In this Thursday, Dec. 24, 2015, file photo, a nearly-full moon is seen among Christmas lights at a holiday display near Lenexa, Kan. (AP/Charlie Riedel)
A series of cosmic collisions may have spawned multiple moonlets that morphed into the one big moon we know today.
Rather than one giant impact that knocked off part of early Earth and created the moon, a number of smaller collisions may have produced lots of mini-moons, Israeli scientists reported Monday.
And those mini-moons, over millions of years, may have clumped together to make one large one.
The researchers conducted nearly 1,000 computer simulations and estimate about 20 impacts could do the job. They say that would explain why the moon seems to be composed of material from Earth, rather than some other planet, too.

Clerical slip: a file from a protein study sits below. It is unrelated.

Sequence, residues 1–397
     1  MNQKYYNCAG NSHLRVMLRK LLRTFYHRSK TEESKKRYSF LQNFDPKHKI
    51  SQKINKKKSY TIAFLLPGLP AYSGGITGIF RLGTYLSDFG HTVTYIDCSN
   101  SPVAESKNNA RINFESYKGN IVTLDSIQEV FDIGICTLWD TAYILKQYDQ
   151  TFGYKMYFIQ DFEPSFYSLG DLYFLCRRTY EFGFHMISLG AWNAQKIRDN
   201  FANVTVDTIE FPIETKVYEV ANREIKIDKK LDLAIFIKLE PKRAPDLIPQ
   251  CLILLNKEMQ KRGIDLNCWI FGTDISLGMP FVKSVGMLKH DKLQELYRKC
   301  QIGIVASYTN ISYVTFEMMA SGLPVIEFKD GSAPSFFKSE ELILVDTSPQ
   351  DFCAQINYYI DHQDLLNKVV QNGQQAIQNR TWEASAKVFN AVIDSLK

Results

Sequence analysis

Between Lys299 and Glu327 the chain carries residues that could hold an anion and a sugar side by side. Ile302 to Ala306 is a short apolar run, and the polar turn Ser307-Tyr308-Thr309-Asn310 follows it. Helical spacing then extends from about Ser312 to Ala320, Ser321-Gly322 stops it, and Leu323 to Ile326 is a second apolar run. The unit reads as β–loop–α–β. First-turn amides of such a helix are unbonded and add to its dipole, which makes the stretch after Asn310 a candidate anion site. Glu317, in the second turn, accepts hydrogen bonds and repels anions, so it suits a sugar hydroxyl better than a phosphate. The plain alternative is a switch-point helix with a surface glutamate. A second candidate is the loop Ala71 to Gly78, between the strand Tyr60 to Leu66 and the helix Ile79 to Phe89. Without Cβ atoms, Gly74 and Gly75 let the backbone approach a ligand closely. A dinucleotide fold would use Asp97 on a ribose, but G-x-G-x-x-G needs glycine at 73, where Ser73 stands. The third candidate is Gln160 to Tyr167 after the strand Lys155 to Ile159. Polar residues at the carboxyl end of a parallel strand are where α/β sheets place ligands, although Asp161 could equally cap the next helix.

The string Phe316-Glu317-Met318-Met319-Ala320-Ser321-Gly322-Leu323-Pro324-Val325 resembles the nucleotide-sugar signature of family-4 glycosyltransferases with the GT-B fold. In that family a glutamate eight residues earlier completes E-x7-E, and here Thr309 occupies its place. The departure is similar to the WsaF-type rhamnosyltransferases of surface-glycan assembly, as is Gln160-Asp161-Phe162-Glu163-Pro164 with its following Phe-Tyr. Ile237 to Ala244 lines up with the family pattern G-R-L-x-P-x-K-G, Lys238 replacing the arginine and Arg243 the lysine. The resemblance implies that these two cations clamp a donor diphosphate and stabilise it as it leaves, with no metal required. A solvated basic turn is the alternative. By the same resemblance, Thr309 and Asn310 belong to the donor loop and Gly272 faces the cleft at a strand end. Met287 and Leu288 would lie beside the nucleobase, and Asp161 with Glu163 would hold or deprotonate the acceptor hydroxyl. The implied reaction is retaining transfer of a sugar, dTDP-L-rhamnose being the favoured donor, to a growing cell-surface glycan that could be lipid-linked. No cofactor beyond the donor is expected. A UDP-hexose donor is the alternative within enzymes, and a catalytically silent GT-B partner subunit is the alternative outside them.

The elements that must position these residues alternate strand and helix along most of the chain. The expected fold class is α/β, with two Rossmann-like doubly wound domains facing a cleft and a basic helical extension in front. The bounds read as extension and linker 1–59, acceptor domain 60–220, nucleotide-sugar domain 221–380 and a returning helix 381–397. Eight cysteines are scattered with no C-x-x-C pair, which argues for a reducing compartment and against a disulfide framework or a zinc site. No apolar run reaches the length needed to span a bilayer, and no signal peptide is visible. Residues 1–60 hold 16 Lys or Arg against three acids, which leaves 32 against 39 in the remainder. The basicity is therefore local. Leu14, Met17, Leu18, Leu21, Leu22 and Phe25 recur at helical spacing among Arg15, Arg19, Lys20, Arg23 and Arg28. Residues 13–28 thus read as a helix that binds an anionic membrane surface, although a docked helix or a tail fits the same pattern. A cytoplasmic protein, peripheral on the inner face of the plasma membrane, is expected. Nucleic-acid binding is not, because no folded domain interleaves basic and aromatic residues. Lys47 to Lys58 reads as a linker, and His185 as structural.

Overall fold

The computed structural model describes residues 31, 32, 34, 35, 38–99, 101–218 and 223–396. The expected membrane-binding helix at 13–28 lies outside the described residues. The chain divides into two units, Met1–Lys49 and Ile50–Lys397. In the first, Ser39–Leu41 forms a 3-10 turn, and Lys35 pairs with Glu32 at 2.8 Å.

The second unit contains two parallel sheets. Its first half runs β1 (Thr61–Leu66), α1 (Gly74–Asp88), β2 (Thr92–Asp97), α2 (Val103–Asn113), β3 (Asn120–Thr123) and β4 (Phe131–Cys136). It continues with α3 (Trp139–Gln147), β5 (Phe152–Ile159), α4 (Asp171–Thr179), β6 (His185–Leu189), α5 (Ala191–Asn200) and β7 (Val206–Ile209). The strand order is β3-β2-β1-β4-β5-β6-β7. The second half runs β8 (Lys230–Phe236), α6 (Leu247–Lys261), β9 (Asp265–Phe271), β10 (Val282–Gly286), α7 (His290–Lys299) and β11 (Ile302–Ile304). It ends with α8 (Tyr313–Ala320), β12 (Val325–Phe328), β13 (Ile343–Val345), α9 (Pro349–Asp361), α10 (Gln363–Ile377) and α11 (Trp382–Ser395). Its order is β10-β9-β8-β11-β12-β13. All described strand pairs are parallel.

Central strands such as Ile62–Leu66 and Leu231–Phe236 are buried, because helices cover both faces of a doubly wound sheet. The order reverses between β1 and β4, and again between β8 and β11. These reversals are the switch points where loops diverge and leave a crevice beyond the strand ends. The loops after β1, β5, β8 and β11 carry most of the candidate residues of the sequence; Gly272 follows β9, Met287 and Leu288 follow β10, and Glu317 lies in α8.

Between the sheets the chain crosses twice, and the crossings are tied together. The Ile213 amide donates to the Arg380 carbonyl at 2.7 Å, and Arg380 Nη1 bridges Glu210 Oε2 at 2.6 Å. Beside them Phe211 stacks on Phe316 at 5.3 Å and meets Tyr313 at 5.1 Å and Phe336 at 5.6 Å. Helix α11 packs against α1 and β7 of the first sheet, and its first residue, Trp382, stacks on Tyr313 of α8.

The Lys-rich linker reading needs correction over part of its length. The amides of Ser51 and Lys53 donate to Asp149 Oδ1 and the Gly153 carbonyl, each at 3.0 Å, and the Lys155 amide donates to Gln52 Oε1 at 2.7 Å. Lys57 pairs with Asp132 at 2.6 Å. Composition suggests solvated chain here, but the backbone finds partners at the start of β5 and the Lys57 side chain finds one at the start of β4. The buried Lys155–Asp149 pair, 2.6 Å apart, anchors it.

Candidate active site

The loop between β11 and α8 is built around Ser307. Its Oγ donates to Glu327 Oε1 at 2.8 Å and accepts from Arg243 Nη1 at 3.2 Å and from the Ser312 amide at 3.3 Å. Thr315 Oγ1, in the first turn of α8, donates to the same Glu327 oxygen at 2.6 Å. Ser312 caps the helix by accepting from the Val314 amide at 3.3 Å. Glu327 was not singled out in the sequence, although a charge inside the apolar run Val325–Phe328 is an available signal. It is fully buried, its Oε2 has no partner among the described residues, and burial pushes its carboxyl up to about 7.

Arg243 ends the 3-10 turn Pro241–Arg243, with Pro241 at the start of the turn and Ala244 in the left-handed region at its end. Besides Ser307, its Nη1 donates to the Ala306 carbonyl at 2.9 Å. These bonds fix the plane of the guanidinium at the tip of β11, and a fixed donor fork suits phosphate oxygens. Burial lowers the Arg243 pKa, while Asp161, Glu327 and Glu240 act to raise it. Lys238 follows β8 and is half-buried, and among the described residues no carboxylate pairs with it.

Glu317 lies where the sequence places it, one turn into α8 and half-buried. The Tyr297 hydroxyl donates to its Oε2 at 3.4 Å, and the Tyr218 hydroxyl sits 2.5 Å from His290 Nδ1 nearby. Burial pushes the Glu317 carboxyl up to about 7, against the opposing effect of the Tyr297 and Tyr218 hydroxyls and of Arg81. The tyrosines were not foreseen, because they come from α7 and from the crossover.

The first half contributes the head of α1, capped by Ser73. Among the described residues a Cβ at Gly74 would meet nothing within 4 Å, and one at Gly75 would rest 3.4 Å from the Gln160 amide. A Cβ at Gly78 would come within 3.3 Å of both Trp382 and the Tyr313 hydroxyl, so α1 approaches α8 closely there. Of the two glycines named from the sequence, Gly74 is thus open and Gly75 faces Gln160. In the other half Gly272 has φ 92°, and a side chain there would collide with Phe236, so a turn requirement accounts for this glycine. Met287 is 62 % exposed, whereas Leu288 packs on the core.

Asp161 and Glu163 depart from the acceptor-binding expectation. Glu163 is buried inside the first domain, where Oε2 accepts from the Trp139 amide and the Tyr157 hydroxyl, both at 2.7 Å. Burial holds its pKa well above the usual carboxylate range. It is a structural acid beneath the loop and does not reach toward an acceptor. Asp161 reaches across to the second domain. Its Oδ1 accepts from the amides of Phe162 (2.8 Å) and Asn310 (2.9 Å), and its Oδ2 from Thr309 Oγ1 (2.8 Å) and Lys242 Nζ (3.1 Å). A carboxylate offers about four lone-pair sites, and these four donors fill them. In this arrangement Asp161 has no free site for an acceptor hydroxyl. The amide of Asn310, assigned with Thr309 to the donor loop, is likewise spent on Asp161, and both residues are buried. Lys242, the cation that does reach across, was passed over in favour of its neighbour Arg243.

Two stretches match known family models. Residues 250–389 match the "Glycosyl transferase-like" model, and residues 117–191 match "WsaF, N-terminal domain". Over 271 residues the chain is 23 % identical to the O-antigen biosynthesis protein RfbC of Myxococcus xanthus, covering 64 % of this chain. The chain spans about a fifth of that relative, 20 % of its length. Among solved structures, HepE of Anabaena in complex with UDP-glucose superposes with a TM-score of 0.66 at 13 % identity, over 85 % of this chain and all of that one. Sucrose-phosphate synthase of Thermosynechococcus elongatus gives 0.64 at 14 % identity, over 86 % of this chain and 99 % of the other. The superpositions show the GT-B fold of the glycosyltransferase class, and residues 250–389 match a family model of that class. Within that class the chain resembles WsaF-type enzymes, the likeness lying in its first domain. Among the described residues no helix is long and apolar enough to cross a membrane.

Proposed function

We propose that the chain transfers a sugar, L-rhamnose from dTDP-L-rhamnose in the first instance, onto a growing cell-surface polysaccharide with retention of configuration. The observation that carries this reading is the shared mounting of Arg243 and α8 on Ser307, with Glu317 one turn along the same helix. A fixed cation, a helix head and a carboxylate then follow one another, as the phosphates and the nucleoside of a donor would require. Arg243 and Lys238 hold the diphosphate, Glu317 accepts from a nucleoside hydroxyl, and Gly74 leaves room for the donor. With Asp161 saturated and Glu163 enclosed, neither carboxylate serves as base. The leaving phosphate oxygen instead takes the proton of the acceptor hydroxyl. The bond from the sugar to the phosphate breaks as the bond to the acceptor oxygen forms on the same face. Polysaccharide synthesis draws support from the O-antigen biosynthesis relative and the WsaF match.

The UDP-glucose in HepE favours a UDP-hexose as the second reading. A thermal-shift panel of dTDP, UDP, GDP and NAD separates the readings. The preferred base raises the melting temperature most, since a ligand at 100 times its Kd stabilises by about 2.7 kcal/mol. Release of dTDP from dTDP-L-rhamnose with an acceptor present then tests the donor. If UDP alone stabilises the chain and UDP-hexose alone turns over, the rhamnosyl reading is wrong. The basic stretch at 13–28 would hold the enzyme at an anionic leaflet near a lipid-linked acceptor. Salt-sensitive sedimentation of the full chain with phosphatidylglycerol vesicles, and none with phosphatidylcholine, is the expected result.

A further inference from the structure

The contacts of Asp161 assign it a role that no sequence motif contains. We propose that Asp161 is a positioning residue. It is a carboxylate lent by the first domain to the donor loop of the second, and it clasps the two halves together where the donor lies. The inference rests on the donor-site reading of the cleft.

It's actually an old theory revitalized now by the Weizmann Institute of Science's Raluca Rufu in Rehovot, Israel, and his team. Their findings were published in Nature Geoscience.
"Our model suggests that the ancient Earth once hosted a series of moons, each one formed from a different collision with the proto-Earth," said co-author Hagai Perets of the Technion, Israel Institute of Technology in Haifa.
Rufu added in the same statement: "It's likely that small moons formed through the process could cross orbits, collide and merge."
Small collisions like this were common in the early solar system, and support their premise. But a London scientist not associated with the study — Imperial College's Gareth Collins — is urging more evidence on both sides of the moon-forming argument.
Some of the moonlets surely were lost in space or did not merge properly with what was to become today's moon, Collins said in a companion article, and so many more impacts may have been required. That, in turn, would make the multi-impact theory "far less probable than any of the more exotic single-impact scenarios," he wrote.
Rufu and his colleagues agree more work is needed to understand how moonlets might indeed merge into one final moon.